1 Samuel 23:16 says Jonathan went to find David and encouraged him to stay strong in God. Friends encourage one another.

Friends encourage one another to achieve goals and fulfill dreams. Christian friends also encourage each other to stay strong in their faith. They help in times of trouble and celebrate in times of victory.

Acting

Think of your friendships. Are there areas where you could be a better friend?

 

 

Can we find hope in Christ’s resurrection?

Yes, because of its validity, value, and victory.

Hope can be found in Christ’s resurrection.

The Validity of the Resurrection

With courtroom-like precision, Paul builds the case for Christ’s resurrection. The eyewitness accounts are overwhelming.

1 Corinthians 15:5-8 states, “He was seen by Peter and then by the Twelve. After that, he was seen by more than 500 of his followers at one time. Most of whom are still alive, though some have died. Then he was seen by James and later, by all the apostles. Last of all, I also saw him.”

It is easy to dismiss one person’s testimony, and perhaps the 12 disciples could be written off as hallucinating. But it is not as easy to discount 500 people seeing the same event at the same time. Jesus appeared to all these individuals after his resurrection.

He ate with them. He talked with them. He walked with them. They could see and touch his physical body. He was there. Those who saw Jesus could factually say he was no longer in the tomb.

The resurrection was not a myth. It was a historical event which brought value and victory.

The Value of the Resurrection

1 Corinthians 15 goes on to explain there is much value in the resurrection.

  • Our dying bodies are buried, and a body, which will live forever, is raised up.
  • Our broken bodies will be exchanged for glorious bodies.
  • Our weak bodies will be replaced with strong bodies.
  • Verse 44 says, “They are buried as natural human bodies, but they will be raised as spiritual bodies. For just as there are natural bodies, there are also spiritual bodies.”

In other words, we will shed all the struggle and heartache in this life. Our physical and mental difficulties will no longer plague us. The value of the resurrection is a new body granted through Christ’s victory.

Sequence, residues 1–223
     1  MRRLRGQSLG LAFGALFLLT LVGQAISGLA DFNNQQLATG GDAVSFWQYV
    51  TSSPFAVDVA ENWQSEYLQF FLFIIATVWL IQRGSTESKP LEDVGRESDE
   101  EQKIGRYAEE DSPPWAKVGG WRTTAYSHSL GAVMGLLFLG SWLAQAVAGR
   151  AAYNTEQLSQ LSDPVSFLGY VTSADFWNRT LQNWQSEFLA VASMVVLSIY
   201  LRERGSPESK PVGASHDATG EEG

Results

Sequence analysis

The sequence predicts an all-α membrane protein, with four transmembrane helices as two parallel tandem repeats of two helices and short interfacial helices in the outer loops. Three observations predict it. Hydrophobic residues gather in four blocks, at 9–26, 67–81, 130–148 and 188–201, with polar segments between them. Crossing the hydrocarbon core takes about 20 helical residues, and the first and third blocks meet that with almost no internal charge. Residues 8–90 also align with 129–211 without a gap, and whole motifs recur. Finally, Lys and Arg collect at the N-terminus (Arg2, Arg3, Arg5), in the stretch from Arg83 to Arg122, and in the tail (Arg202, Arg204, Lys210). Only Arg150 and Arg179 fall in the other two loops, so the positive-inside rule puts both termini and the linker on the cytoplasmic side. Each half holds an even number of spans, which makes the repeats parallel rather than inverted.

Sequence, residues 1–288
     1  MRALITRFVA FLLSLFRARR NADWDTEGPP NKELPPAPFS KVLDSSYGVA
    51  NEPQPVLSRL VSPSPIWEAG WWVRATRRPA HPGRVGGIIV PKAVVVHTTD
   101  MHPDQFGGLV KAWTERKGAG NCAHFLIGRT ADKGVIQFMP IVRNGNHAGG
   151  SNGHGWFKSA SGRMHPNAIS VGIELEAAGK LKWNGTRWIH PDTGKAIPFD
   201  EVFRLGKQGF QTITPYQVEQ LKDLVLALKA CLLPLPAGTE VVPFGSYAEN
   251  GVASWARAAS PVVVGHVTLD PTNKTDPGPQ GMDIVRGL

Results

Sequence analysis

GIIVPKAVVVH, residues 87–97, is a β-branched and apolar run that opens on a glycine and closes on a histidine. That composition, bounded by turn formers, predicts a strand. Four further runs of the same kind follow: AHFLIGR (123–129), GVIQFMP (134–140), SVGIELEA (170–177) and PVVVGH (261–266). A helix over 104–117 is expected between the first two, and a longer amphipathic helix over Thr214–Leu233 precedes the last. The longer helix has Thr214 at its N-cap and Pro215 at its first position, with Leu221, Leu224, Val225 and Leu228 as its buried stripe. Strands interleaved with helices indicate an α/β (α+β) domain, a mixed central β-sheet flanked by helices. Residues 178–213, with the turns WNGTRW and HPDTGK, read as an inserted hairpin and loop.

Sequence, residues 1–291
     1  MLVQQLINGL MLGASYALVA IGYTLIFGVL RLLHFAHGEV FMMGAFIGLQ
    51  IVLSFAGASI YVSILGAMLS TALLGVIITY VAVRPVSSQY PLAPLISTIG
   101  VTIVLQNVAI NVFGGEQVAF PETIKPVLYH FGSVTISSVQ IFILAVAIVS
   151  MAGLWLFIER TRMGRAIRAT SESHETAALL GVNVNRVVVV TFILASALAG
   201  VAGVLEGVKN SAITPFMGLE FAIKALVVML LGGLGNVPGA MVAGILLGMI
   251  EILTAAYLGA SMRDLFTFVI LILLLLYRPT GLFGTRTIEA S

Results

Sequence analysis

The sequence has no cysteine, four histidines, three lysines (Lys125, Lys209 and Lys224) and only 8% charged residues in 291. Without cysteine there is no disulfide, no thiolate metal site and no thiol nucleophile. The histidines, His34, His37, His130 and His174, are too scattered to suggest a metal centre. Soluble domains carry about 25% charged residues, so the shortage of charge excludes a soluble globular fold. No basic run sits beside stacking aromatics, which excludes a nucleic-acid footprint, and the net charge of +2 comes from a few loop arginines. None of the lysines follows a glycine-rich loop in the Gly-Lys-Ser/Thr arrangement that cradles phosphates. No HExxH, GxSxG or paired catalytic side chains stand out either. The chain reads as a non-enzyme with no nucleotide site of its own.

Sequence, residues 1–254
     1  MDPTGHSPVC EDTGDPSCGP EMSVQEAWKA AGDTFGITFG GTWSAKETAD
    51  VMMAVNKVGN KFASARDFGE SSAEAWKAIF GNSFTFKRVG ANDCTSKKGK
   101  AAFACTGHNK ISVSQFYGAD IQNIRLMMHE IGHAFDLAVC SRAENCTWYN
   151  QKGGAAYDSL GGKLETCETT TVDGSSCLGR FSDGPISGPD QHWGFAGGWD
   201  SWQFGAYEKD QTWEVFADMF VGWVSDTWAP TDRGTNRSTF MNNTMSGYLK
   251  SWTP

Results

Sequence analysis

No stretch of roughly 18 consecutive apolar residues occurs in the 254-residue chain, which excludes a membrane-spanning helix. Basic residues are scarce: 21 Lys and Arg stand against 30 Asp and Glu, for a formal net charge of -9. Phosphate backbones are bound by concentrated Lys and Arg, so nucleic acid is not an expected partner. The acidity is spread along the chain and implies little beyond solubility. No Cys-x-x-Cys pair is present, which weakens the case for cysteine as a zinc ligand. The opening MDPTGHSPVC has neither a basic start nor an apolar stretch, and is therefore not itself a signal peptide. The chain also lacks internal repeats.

The Victory of the Resurrection

“Then, when our dying bodies have been transformed into bodies that will never die, this Scripture will be fulfilled, ‘death is swallowed up in victory.’ ‘O death, where is your victory? O death, where is your sting?’ For sin is the sting that results in death, and the law gives sin its power. But, thank God, he gives us victory over sin and death through our Lord Jesus Christ,” says 1 Corinthians 15:54-57.

Death, which is man’s great equalizer, has been beaten by Christ. The day of Christ’s resurrection, he struck a death blow to death and brought victory.

As we search for hope in this life, we can find it in the validity, value, and victory of Christ’s resurrection.

 

Praying is the Answer

“You got to keep on praying.”

The lyrics say, “Give it back,” and this song is a reminder for the power of prayer.

Back to God by Reba McEntire creatively reminds us to pray.

We may be facing many challenges. The world may be facing many challenges, and the answer can be found in the Lord.

2 Chronicles 7:14 states, “If my people, who are called by my name, will humble themselves and pray and seek my face and turn from their wicked ways, then I will hear from Heaven, and I forgive their sin and will heal their land.”

Can we have confidence in unsettled times?

Psalm 27 reminds us of the Lord’s faithfulness.

Life was unsettled. He was fighting adversaries which seemed bigger than big. He could not stay in his own home because of his enemies. Trying to flee his enemies, David was forced to seek refuge in the wilderness. Yet, his confidence in the Lord remained.

Verses 1-3 say, “The Lord is my light and my salvation, so why should I be afraid? The Lord is my fortress, protecting me from danger, so why should I tremble? When evil people come to devour me, when my enemies and foes attack me, they will stumble and fall. Though a mighty army surrounds me, my heart will not be afraid. Even if I am attacked, I will remain confident.”

David’s adversaries were large. Their strength and size caused David to hide, yet when David’s opponents were compared to the greatness of the Lord, there was no need for him to fear. David found his well-being and strength in the Lord, so there was no room for fear.

Our enemies may not be forcing us into the wilderness, but they are lurking around us. Lost jobs, economic downturns, a bearish stock market, and an unsettled future are crouched in the shadows awaiting an opportune time to strike with fear and panic.